Sunday, January 4, 2009

Energy generation in the mitochondrion, part 3

This is a continuation of yesterday’s post. We are now in the final phase of energy generation, the oxidative phosphorylation. This process takes place along the cristae of the mitochondrion. This is the reason why I mentioned in one of the previous posts that the more folds or cristae there are, the larger the area for energy generation.

Oxidative phosphorylation is the only phase wherein oxygen is used. However, as mentioned before, preparation for this final phase actually starts during the formation of AcetylCoA from pyruvic acid.

The hydrogen ions and electrons that are generated during the Krebs’ cycle are transferred by the hydrogen acceptors to the different enzymes along the cristae of the mitochondrion. Here the electrons are transferred from one electron acceptor to another along the cristae while the ions are pumped across the cristae to the intermembrane space (see post on the structure of the mitochondrion). The ions thus create a proton gradient across the cristae. This gradient drives the ions to move back to the matrix and as the ions pass through special channels that are associated with ATP synthase, ADP is phosphorylated to ATP.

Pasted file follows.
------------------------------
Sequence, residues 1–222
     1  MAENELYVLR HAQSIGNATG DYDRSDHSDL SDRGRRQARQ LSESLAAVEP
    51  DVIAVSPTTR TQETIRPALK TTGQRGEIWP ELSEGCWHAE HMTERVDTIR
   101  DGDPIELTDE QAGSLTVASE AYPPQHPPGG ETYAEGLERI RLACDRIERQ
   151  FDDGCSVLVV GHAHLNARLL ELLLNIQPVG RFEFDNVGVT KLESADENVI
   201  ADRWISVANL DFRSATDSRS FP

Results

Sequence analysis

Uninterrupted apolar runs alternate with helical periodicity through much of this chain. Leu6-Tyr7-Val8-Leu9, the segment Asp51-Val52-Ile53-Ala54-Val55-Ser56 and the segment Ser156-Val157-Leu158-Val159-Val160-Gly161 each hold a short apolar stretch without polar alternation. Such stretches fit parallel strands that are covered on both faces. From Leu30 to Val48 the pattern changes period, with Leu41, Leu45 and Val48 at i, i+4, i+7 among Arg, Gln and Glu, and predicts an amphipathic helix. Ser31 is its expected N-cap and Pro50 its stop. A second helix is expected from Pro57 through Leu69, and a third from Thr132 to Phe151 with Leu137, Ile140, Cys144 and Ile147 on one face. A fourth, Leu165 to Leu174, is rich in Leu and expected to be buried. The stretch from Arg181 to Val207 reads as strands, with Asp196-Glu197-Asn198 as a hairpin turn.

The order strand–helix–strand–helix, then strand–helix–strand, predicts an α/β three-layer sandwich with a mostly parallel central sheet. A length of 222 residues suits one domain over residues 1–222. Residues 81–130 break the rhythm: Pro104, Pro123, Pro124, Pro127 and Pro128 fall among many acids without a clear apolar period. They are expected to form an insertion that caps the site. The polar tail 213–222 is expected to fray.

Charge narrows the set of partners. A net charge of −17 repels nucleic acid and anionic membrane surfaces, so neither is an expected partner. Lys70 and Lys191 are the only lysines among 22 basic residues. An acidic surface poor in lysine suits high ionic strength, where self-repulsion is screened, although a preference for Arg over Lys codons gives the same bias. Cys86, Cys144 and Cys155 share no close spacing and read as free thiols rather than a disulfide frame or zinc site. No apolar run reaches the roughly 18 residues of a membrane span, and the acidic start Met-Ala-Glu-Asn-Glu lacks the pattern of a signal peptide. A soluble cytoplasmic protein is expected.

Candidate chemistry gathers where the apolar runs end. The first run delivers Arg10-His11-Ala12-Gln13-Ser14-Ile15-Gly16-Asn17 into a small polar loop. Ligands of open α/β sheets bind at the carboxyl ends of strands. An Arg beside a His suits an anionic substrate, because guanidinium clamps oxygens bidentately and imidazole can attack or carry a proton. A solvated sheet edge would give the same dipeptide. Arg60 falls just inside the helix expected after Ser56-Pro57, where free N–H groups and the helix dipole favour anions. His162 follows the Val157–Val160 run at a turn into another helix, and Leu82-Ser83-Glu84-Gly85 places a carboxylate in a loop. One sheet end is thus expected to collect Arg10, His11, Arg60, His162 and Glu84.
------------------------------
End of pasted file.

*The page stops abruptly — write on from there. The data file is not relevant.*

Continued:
Oxygen acts as the final hydrogen acceptor as the electrons and ions rejoin each other and form water in the process.

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